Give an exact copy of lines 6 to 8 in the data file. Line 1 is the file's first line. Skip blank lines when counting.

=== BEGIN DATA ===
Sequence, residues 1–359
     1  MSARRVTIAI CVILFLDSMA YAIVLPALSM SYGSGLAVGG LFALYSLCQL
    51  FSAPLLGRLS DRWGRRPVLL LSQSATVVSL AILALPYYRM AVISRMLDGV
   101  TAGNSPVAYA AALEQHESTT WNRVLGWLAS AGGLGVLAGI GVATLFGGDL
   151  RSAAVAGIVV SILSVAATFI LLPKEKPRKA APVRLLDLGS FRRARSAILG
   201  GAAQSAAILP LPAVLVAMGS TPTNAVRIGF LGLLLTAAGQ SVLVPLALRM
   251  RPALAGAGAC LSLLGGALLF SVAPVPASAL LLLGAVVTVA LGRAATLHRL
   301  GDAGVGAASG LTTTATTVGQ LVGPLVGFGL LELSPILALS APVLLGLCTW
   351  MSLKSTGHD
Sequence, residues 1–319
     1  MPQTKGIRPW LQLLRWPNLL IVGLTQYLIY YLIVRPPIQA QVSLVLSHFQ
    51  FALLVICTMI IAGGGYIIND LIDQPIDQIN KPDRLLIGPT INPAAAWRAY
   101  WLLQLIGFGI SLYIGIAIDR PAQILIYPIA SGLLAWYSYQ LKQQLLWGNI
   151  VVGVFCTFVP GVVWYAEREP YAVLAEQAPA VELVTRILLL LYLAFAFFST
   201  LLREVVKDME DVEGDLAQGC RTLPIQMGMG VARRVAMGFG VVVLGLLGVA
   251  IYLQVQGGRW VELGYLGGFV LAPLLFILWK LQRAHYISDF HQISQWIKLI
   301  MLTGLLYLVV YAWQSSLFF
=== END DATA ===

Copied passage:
   201  GAAQSAAILP LPAVLVAMGS TPTNAVRIGF LGLLLTAAGQ SVLVPLALRM
   251  RPALAGAGAC LSLLGGALLF SVAPVPASAL LLLGAVVTVA LGRAATLHRL
   301  GDAGVGAASG LTTTATTVGQ LVGPLVGFGL LELSPILALS APVLLGLCTW